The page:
Daily Iowan alum David Mastio talks media in the age of Trump

Mastio, Deputy Editorial Page Editor for USA Today, talks about the dangers of Trump and the future of the Republican party.


Katie Goodale

Dave Mastio, Deputy Editorial Page Editor for USA Today, poses for a zoom portrait from his home in Virginia on Monday, Nov. 2, 2020. Mastio is a University of Iow alum.

Rylee Wilson, News Editor

The Ethics & Politics Initiative, a donor-funded enterprise of The Daily Iowan, sent a photographer and editor to Washington D.C. to capture the nation’s capital on election night.

WASHINGTON — Ahead of Election Day, The Daily Iowan sat down with University of Iowa alum and USA Today columnist and editorial board member David Mastio to talk about the current state of the presidential election.

Mastio is a five-year Deputy Editorial Page Editor for USA Today, and wrote conservative columns in his time at the DI. He helped pen the organization’s editorial endorsing Joe Biden, the first time the newspaper in its 38-year history has endorsed a presidential candidate.

A staunch conservative, Mastio in 2016 broke with the Republican Party, to declare himself a “never Trumper,” and wrote a column lambasting the president before his election to office.

Graduating in 1995 from the UI School of Journalism, Mastio has never been one to keep his opinions to himself. His conservative columns often garnered controversy on campus — which he says gave him a thick skin ahead of his career in the journalism industry. He joined USA Today staff his senior year at the UI, and his journalism career included stops at the Washington Times, The Detroit News, and the Virginian Pilot, before returning to the USA Today as a commentary editor.

DI: What did you do during your time like at Iowa and at the DI? What are the things that you remember covering the most while you were there?

I was a conservative columnist for the DI. I had my own protest group who existed solely to get me fired by the newspaper. And there was an editor who stood up for me and wouldn’t fire me. One of my favorite columns that I wrote when I was there – I was taking one of the intro to journalism classes, and I had an avowedly socialist TA, who was teaching it, and so I wrote a column about what a dope he was while I was in his class and waiting for him to give me a grade. That was fun.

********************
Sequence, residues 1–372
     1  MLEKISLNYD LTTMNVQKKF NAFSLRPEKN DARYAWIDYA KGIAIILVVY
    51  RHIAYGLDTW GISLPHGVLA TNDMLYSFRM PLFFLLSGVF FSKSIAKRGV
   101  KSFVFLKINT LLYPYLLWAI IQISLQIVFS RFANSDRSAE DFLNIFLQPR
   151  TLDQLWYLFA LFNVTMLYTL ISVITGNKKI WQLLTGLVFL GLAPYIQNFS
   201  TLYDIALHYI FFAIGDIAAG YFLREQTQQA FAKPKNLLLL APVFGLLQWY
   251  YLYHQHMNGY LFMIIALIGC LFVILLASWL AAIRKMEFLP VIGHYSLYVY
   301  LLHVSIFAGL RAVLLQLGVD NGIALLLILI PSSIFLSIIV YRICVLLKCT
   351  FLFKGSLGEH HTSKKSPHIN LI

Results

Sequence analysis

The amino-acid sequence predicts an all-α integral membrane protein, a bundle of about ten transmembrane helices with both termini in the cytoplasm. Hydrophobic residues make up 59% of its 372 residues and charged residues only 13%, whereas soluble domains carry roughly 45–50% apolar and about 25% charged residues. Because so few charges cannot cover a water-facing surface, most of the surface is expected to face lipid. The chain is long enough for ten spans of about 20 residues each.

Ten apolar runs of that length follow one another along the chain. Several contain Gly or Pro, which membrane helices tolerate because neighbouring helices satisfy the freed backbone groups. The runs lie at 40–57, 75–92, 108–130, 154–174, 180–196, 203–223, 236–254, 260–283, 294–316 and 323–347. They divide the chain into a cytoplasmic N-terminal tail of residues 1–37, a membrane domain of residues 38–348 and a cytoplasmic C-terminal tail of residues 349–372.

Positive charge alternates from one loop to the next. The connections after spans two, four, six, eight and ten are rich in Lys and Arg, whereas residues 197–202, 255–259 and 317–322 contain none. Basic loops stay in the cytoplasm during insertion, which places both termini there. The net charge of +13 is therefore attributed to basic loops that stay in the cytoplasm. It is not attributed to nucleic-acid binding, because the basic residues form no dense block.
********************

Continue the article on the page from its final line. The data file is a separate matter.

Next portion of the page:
DI: USA Today endorsed a presidential candidate for the first time this year. Why?

Well, we think that there’s essentially a national emergency. Donald Trump is a threat to democracy. There’s so many ways that he’s awful. He’s allergic to the truth. He’s been a disaster on coronavirus, the biggest challenge he’s faced as president. He exacerbates racial tensions and divides Americans from each other. I can’t remember who said this but somebody said, the first thing a president should do is not not make things worse. And it seems like everything that Donald Trump touches and everything he speaks about, he makes it worse. Faced with a president who is so universally bad, the editorial board, as diverse as it is ideologically and racially, we came together and said, Donald Trump is not acceptable. It’s something that we hope we never do again. But Donald Trump is too dangerous to not speak up.

DI: Why was your policy to not endorse candidates? Do endorsements have value?

I think that for the top line elections, like President, Senator, Governor, House of Representatives – people know what they think. And they know what their values are, and how they should vote in relation to their values. I don’t think editorial boards endorsing in those kinds of races really add anything. For subjects that people know less about like your state representative or your county plebiscite, an editorial board can spend more time and get more deeply into the issues and provide a useful public service by endorsing, I just don’t think on bigger issues that they really offer that advantage.

DI: Where does the Republican Party go after this election? Is it headed further in Trump’s direction?

I think Trump has put his finger on some important things about trade, and about how the working class feel left out that are going to have to continue to be part of the Republican Party. I think there’s going to be a big struggle over cultural Trumpism – the disdain for facts, the press, the saying things to divide Americans. I think there’s going to be a real battle over the attitude of the Republican Party, whether it’s a party that’s about Building America up, or a party that’s about tearing Americans apart in order to advance its cultural point of view.

A lot depends on whether Trump stays a big part of the national conversation and how loyal the Trump base is to him after he’s become a loser. I think he’s gonna lose this election badly. And I’m probably going to get in trouble for making predictions, but I think it’s going to go very badly for him and I’m hoping that the Republican Party will reject him once he’s been exposed as a loser.

DI: What does election day look like for you? What will you be doing tomorrow?

It’s really a challenge because normally, most of what I work on is columns that have outside writers who are writing opinion columns for USA Today – we have four to six a day. On Tuesday night, there’s only going to be one issue that people care about. And chances are good that we’re not going to know what the results are. So how do you have strong opinions about not knowing what the results are that we can run in the next day’s paper? So it’s really a challenge.

Stay tuned for updates throughout the coming days.